Gardner finally has a town hall, but you had to bring your own phone

Sen. Cory Gardner finally had a town hall, just not the kind that protesters had been insisting on. It was tele-town hall. Gardner was in Washington and the callers were in Colorado. There was no face-to-face, but there were some tough questions, even though the phone-call questions were screened.

And nearly 10,000 people were on the line, which is a lot of people for a 45-minute call. Of course, there were more than a thousand who showed up last week for a no-show-Cory town hall at Byers Middle School, where a cardboard cutout of Gardner stood in for the Republican senator.

Gardner had to start the questions a half hour early because he had a last-minute luncheon invitation that he couldn’t refuse — from President Donald Trump. But he did answer close to a dozen questions — on Gardner’s votes on cabinet appointees, on Senate investigations into Russian involvement in the 2016 election, on the travel ban executive order, on legalized pot and more.

He didn’t make any headlines with his answers. He did say, once again, that Trump’s travel ban was “overly broad.” And he said he wanted more clarity from the White House on Colorado’s legalized pot. He condemned the apparent hate crimes seen against Jews and Muslims since Trump has become president.

And he defended his cabinet votes, saying “Elections have consequences.” He has voted for all of Trump’s appointees, including such controversial choices as Education Secretary Betsy DeVos.

On the matter of repealing and replacing Obamacare, Gardner went with what has become the go-to answer for Republicans: offering more access to insurance. What access means has not yet been definite. And no plan has yet come forth. Meanwhile, the timetable for repealing and/or replacing has continued to be fluid.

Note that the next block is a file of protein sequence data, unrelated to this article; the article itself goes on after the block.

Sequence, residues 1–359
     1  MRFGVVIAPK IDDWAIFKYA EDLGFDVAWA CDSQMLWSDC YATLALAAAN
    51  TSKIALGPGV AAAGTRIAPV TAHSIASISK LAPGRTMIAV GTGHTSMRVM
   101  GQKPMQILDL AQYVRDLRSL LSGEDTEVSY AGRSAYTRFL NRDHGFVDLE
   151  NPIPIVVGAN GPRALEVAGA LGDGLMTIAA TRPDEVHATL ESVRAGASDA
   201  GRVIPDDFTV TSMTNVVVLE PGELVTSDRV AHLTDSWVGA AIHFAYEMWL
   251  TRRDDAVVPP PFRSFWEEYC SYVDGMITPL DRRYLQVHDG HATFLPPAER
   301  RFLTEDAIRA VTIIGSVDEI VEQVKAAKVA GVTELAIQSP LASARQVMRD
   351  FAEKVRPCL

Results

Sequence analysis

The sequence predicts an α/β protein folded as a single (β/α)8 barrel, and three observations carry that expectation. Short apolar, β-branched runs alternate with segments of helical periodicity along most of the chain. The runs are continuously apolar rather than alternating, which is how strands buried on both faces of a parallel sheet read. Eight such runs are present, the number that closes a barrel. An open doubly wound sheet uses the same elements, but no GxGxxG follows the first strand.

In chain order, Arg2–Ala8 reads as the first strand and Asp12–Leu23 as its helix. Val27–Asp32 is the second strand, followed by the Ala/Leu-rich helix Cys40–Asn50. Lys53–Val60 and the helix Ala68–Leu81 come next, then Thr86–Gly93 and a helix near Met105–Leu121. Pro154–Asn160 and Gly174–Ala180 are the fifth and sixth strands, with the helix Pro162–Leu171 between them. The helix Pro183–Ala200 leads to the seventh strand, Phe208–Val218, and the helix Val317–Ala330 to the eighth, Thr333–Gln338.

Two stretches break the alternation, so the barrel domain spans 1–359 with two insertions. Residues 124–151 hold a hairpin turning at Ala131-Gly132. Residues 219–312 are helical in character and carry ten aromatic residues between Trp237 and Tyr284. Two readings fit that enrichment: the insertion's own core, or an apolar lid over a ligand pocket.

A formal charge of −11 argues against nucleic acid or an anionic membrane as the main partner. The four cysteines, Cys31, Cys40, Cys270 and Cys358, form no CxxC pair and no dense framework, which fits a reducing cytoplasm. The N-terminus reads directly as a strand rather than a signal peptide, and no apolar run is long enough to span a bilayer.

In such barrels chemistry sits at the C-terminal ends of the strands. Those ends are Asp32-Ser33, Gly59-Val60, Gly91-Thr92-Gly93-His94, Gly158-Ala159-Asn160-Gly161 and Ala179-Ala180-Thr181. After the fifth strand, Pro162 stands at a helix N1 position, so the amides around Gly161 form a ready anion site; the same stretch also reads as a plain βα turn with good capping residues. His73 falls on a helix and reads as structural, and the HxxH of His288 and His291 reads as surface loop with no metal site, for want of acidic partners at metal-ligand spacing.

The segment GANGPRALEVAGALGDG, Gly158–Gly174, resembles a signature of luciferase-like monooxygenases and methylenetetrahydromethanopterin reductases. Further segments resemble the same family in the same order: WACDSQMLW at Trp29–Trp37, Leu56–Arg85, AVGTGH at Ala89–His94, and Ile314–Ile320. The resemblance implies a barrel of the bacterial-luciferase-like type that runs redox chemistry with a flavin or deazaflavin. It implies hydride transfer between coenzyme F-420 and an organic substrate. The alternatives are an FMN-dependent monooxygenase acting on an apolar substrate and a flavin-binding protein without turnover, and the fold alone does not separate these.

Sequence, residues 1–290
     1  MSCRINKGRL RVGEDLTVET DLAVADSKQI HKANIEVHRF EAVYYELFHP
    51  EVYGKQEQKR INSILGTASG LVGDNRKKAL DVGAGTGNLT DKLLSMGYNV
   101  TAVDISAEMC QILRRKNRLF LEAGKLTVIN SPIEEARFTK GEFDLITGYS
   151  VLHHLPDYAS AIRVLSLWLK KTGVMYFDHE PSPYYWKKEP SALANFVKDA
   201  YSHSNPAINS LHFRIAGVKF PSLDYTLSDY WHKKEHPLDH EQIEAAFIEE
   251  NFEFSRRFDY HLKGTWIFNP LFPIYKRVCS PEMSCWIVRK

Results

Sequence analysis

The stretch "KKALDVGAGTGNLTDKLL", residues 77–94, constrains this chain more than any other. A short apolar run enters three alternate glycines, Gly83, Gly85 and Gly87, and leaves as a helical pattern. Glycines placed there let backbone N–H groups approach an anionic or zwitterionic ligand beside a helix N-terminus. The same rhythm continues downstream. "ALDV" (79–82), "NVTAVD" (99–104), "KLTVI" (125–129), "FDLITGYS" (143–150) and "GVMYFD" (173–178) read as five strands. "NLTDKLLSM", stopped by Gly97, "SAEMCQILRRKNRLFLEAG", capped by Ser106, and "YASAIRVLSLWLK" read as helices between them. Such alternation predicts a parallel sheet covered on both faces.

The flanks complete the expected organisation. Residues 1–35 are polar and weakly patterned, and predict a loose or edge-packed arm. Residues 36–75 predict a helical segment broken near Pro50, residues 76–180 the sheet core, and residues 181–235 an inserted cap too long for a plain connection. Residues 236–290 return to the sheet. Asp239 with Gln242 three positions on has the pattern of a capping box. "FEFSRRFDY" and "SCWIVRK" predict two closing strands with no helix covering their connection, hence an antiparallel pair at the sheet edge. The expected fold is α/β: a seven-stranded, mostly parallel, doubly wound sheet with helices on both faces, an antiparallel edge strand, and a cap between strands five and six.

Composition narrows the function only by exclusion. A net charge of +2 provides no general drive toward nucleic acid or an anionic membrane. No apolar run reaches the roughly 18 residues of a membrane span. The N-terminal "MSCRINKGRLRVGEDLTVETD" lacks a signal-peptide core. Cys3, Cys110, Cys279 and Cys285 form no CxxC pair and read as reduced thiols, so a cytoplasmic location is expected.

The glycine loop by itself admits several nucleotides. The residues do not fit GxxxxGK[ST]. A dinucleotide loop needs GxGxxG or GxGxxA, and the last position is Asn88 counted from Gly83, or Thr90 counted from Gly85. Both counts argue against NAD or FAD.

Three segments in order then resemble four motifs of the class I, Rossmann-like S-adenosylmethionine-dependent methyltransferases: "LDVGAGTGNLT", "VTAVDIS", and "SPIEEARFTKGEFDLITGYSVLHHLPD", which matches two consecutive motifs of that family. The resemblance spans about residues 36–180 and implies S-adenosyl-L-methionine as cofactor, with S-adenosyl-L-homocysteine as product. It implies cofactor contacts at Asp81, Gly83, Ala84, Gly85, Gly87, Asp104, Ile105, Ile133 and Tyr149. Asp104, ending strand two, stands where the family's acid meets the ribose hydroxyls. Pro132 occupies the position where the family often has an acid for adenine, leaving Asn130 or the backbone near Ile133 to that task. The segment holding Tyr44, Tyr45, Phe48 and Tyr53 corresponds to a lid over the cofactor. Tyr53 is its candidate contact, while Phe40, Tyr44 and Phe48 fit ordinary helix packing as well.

Gardner’s Web site promises more tele-town hall meetings, which, it says, will be announced. You can sign up to receive announcements. But it makes no mention of in-person meetings.

Photo of Gardner speaking live-and-in person at an agriculture conference in last week, by Susan Greene

 

 

 

 

The Colorado Independent is a statewide online news source operating in a time when spin is plentiful, but factual, fair and unflinching news in the public interest is all too rare. Our award-winning team of veteran investigative and explanatory reporters and news columnists aims to amplify the voices of Coloradans whose stories are unheard, shine light on the relationships between people, power and policy, and hold public officials to account. We strive to report the news with context, social conscience, and soul, and to give Coloradans the insight they need to promote conversation, understanding and progress in this square, swing state we call home.

1 COMMENT

  1. What a shame there aren’t any adults in the republican party, anymore, but I guess if you had the single LEAST popular president in the history of the country, it’s tough to act like a grown up. Coffman running away out the back door so no one sees him, and Gardner not even showing up to his, and then calling in this one. Not a very courageous way to deal with the people you are supposed to be leading into a new century.

    But then, I really don’t expect much more out of republicans. Their policies are NOT popular with the American people, and every time they get in power, they over reach and do TERRIBLE things to real human beings. Ideology is one thing, but it’s entirely another when people start getting hurt because of it. And republican policies sound good on paper, but when it comes to enacting them, there is REAL pain involved every time.

    If you’re going to be inflicting pain on that many people purely for your ideology, then you have an obligation to stand up and take the results from those you supposedly represent.

    We can do a LOT better than this little twit.

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